Not content with that success, recently he opened his own comic book publishing house, Second 2 Some Studios. While his first series, Two Over Ten, did garner a lot of critical attention and raves from readers, it wasn't until Myatt and artist Scott Dalrymple began telling the story of four very different half sisters with Fade From Blue that the general comics crowd caught on to this exciting new vision of comics. With Myatt poised on the brink of real success in yet another notoriously tough industry, it seemed the perfect time to pick his brain concerning Second 2 Some's future plans.
Bill Baker: You've been incredibly successful as a writer in the mainstream magazine marketplace for some time now. What prompted you to enter comics, both as a creator and publisher, and why now?
Myatt Murphy: Well, I've always believed that if you're into comics, period, you always have a dream to do one yourself. I can't think of a time in my life where I didn't want to do one and I haven't met a single comic book fan that wouldn't want to be a part of the process. And why not? If you're into comics, then you love comics ... and who wouldn't want to make a living doing what they love?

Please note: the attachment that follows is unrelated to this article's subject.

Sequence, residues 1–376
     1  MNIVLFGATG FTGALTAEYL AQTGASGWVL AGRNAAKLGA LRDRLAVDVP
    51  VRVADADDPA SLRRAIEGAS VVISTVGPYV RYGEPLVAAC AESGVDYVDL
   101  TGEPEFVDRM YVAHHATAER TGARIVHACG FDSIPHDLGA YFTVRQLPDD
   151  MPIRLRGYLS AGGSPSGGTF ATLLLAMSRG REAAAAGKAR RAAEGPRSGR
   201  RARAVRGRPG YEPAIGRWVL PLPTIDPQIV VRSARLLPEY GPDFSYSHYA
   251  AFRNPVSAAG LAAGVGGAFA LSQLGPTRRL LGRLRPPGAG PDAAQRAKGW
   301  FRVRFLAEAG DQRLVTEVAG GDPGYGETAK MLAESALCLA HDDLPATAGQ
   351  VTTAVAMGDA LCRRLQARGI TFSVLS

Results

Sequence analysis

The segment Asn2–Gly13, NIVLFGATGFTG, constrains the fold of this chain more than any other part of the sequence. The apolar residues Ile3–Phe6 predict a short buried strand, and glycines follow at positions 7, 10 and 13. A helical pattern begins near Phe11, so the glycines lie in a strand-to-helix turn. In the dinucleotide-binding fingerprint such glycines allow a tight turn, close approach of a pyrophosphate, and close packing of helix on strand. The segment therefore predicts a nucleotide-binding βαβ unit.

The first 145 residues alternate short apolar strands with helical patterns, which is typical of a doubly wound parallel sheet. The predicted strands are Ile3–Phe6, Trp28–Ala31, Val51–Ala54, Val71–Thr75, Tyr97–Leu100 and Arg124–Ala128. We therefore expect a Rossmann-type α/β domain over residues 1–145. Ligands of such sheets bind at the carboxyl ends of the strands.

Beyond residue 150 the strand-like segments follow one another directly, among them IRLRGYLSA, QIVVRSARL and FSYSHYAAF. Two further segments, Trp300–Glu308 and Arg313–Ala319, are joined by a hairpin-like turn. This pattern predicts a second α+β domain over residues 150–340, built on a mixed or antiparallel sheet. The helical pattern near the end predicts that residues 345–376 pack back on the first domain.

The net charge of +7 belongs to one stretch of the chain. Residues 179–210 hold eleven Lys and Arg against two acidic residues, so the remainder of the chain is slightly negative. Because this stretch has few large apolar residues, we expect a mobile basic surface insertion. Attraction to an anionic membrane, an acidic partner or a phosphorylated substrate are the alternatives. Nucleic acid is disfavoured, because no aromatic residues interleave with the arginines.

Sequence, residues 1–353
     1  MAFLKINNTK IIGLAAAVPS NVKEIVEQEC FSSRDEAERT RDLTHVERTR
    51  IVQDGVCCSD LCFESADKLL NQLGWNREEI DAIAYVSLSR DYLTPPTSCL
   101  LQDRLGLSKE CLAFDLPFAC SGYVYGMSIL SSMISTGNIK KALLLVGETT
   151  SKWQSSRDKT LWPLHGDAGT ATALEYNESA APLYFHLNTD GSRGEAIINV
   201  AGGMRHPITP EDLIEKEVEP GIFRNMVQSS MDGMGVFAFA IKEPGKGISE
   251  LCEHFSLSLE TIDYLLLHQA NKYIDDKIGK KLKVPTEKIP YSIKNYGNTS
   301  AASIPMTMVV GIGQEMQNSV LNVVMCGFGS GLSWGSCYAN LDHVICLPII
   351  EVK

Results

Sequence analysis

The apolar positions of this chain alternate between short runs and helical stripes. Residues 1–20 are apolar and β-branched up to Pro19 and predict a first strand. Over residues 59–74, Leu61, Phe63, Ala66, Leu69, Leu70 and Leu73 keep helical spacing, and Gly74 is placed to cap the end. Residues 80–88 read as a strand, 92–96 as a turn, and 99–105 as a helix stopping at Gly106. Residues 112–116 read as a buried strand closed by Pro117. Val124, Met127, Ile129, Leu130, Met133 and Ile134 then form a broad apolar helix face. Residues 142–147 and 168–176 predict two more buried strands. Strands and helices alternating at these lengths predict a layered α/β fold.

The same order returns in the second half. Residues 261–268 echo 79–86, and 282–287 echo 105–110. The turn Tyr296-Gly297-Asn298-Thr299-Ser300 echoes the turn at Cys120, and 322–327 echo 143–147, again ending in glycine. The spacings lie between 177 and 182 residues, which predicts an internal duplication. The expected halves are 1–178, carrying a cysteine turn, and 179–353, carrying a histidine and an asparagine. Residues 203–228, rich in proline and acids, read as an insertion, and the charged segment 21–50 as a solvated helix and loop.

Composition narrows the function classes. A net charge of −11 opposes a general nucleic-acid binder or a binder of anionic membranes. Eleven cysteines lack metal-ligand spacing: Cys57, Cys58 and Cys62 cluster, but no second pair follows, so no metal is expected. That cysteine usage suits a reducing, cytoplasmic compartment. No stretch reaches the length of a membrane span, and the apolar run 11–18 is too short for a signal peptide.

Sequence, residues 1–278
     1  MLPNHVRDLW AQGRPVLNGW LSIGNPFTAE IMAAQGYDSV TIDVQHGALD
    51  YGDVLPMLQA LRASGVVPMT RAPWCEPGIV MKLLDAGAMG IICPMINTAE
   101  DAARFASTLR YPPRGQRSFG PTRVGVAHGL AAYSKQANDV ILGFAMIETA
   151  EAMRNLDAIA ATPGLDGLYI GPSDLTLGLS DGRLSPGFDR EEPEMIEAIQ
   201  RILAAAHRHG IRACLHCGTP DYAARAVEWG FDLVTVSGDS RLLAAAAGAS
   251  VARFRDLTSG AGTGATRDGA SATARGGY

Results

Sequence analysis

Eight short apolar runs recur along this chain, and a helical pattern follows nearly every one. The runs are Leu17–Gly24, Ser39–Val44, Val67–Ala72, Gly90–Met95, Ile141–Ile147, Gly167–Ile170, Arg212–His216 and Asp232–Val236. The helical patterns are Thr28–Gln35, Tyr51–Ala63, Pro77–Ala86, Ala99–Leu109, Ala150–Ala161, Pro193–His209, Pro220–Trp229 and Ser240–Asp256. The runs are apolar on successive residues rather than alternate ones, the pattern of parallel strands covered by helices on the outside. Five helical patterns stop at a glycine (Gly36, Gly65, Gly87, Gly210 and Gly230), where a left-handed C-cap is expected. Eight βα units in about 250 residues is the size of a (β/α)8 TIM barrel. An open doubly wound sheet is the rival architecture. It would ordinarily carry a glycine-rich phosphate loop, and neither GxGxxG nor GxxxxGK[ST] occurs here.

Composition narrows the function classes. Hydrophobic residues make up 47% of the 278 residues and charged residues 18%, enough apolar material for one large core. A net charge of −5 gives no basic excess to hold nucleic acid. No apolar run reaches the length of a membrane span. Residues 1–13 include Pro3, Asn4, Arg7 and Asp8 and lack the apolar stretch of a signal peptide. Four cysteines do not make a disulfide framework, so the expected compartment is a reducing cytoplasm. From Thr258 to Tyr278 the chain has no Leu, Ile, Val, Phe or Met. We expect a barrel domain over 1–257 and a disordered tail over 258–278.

As for why I decided to publish these books myself, I really didn't have a choice. We really didn't see many publishers out there at the time that were doing the type of material we were about to do or many that would give us a shot. I've always equated my experience in comics to being a runner with no race to compete in. I wanted to run a race, but I realized that to wait around for someone to pick you was a waste of time. So I organized my own race to run in. The only problem with that analogy is that by the time you've created the race, set up the Gatorade cups, alerted the media and hung the finish line, you're probably too tired to run! I'm a publisher by default, but that's why I decided that if I have to publish my own books, then we'll try a few things that other publishers weren't trying -- like lowering the cost of comics to $1.50 and such.